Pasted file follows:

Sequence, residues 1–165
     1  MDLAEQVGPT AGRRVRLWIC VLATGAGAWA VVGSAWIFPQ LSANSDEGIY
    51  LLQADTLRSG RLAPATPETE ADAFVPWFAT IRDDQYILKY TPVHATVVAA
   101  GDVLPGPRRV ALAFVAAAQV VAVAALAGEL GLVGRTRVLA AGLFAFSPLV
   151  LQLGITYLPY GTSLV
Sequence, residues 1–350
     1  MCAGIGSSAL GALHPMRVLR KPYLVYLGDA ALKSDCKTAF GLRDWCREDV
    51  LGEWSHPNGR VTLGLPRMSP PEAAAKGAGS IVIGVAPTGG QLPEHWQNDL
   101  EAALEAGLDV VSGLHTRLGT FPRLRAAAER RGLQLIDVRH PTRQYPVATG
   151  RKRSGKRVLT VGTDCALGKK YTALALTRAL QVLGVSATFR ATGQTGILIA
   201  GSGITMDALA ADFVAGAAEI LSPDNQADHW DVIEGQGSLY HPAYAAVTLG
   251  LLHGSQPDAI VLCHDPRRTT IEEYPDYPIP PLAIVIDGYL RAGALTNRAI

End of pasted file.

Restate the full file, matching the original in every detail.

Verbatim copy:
Sequence, residues 1–165
     1  MDLAEQVGPT AGRRVRLWIC VLATGAGAWA VVGSAWIFPQ LSANSDEGIY
    51  LLQADTLRSG RLAPATPETE ADAFVPWFAT IRDDQYILKY TPVHATVVAA
   101  GDVLPGPRRV ALAFVAAAQV VAVAALAGEL GLVGRTRVLA AGLFAFSPLV
   151  LQLGITYLPY GTSLV
Sequence, residues 1–350
     1  MCAGIGSSAL GALHPMRVLR KPYLVYLGDA ALKSDCKTAF GLRDWCREDV
    51  LGEWSHPNGR VTLGLPRMSP PEAAAKGAGS IVIGVAPTGG QLPEHWQNDL
   101  EAALEAGLDV VSGLHTRLGT FPRLRAAAER RGLQLIDVRH PTRQYPVATG
   151  RKRSGKRVLT VGTDCALGKK YTALALTRAL QVLGVSATFR ATGQTGILIA
   201  GSGITMDALA ADFVAGAAEI LSPDNQADHW DVIEGQGSLY HPAYAAVTLG
   251  LLHGSQPDAI VLCHDPRRTT IEEYPDYPIP PLAIVIDGYL RAGALTNRAI